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RRSP Questions and Answers

What is an RRSP?

RRSPs are government-approved, tax-deferred savings plans that help people save money for their retirement. Even if you contribute to a company or government pension plan, you can usually reap tax benefits by contributing to an RRSP.

An RRSP allows you to make tax-deductible contributions during high-income years. Then you receive and pay taxes on the proceeds during your lower-income retirement years. As a result, the part of your income that you would usually pay to the government in taxes instead accumulates in a tax shelter as part of your RRSP investment.

How much can I contribute?

You should check the Notice of Assessment from Canada Revenue Agency for the calculation of their maximum contribution available for the upcoming year.  Generally, RRSP planholders can contribute 18% of earned income in the preceding year (up to a legislated maximum), less the “pension adjustment” for participants in a Registered Pension Plan or Deferred Profit Sharing Plan, plus any unused contribution room carried forward from previous years.

The maximum RRSP deduction limit for 2011 is $22,450.  In subsequent years, the deduction limit will be raised by the Federal Government using an indexing formula.


What happens if I don't use my total RRSP deduction limit?

You can carry forward the unused portion of your annual RRSP deduction limit indefinitely. If you don't have the cash to make your maximum annual contribution, or if your RRSP deduction limit is growing larger with each passing year, you may want to consider an investment loan. This way you can make the full contribution and maximize your potential tax refund.

What if I contribute too much money to my RRSP?

The over-contribution allowance is $2,000. If you exceed this limit, you will incur a penalty of 1 percent per month from the time of your over-contribution.

When should I start contributing to my RRSP?

The sooner you start contributing to an RRSP, the better off you will be at retirement. If you do not have a lump sum to invest at the beginning of the year, we can set you up with regular contributions that match your budget. Contributions can be little as $25 a month.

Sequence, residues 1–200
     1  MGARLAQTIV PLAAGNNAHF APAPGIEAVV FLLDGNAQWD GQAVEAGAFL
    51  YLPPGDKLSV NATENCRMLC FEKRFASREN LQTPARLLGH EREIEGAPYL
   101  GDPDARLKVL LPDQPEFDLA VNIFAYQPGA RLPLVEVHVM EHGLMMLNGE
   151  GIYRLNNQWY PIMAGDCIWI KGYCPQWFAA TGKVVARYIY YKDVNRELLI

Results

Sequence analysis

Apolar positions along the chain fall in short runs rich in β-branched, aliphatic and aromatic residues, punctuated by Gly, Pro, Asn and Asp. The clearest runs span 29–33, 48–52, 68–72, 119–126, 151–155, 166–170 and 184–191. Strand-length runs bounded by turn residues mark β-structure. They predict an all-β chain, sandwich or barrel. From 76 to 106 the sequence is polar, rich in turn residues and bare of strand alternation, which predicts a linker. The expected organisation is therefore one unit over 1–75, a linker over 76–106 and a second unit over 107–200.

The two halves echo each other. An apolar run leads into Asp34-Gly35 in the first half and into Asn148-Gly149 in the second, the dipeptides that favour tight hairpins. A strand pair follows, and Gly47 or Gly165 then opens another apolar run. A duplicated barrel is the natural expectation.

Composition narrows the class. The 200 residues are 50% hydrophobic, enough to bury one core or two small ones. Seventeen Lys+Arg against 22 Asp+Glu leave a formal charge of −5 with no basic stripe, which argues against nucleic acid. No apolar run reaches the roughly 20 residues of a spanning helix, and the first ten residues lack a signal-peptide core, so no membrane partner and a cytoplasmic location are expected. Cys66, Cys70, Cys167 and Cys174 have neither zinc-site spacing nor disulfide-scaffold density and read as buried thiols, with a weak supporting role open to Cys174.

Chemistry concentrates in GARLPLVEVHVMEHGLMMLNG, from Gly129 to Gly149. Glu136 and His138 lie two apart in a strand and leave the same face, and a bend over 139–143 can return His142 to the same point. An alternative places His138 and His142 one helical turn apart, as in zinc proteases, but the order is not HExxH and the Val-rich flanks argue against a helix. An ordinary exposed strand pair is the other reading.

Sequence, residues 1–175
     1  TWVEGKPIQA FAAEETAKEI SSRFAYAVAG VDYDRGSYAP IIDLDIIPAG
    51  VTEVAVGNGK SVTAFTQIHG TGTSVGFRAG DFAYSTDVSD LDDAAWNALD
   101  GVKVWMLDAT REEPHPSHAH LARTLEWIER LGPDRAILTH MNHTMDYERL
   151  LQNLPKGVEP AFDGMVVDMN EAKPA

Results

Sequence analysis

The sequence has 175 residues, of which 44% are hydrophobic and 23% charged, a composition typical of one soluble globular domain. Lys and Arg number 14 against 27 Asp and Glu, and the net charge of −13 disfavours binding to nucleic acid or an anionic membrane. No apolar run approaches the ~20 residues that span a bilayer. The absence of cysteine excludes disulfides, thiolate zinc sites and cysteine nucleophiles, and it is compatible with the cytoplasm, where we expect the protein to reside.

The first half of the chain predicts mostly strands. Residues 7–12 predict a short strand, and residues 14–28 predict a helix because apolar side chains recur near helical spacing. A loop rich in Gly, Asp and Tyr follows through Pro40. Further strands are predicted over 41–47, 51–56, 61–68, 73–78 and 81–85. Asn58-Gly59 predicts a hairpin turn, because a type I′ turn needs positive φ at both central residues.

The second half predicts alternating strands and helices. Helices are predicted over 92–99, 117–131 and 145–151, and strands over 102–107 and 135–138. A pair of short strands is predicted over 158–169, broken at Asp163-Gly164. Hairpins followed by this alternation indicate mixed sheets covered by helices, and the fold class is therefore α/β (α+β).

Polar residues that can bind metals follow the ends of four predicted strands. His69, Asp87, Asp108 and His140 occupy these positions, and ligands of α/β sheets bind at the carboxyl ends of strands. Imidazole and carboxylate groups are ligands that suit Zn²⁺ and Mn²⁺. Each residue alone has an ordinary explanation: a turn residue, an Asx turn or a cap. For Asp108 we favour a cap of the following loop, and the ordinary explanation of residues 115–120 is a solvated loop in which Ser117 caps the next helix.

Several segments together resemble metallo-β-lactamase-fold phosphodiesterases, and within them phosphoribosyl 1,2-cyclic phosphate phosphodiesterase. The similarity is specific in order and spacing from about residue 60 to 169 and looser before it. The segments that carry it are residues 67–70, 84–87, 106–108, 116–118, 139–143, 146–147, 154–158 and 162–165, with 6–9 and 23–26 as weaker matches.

The earlier in the year you contribute to an RRSP, the more money you will eventually accumulate. For example, if you contribute $2,000 each February for the previous year's contribution, and you earn 5% interest, you will have $130,878 in 30 years. If you contribute the same $2,000 every February for the upcoming year's contribution and you earn the same 5%, you will have $139,522 in 30 years.

What is a spousal RRSP?

You can contribute to an RRSP in your spouse's name and still deduct the contributions from your taxable income. By making contributions to your spouse's RRSP, you are helping your spouse build retirement income.

A spousal RRSP will benefit you in later years if your spouse will be receiving a smaller retirement income than you. Contributing to a spousal RRSP in this way is called income splitting. The money that is growing in your spouse's RRSP will eventually be paid out as retirement income, but will be taxed at a lower rate due to their lower retirement income level. 

Any contributions you make to a spousal RRSP are part of your annual RRSP deduction limit. Your contributions to a spousal RRSP do not affect your spouse's annual RRSP deduction limit.

Should I pay down my mortgage or put money into my RRSP?

In most situations it's best to place the extra funds into an RRSP and use your tax refund to pay down your mortgage.


To help limit the spread of COVID-19 virus the office is closed until further notice in accordance with the recommendations of the City of Toronto  Read more...

Look Who's Talking

Shelley Cook recalls a time when she approached one of the big banks for a loan. “I told them I was a stunt girl and they said ‘Do you have a real job?’ “ Read more...

Deposit Insurance Reserve Fund

Did you know that deposits are insured by the Deposit Insurance Reserve Fund (DIRF)? So you can rest comfortably knowing your deposits are safe.   Learn more... 


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